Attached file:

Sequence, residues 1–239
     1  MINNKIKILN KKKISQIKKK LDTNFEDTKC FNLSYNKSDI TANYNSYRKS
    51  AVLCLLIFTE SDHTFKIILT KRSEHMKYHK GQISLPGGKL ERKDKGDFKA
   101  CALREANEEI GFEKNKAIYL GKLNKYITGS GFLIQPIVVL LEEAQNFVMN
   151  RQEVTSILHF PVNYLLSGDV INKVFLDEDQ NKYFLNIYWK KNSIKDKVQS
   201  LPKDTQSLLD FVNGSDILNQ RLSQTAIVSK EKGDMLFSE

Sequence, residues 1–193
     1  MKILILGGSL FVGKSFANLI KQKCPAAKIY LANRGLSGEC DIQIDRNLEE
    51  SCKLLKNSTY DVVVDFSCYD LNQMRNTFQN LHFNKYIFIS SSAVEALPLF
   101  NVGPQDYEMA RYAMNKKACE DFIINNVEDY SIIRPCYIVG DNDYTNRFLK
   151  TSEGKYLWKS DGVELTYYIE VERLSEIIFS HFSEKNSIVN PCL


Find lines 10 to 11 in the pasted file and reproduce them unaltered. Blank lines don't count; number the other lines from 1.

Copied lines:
   101  NVGPQDYEMA RYAMNKKACE DFIINNVEDY SIIRPCYIVG DNDYTNRFLK
   151  TSEGKYLWKS DGVELTYYIE VERLSEIIFS HFSEKNSIVN PCL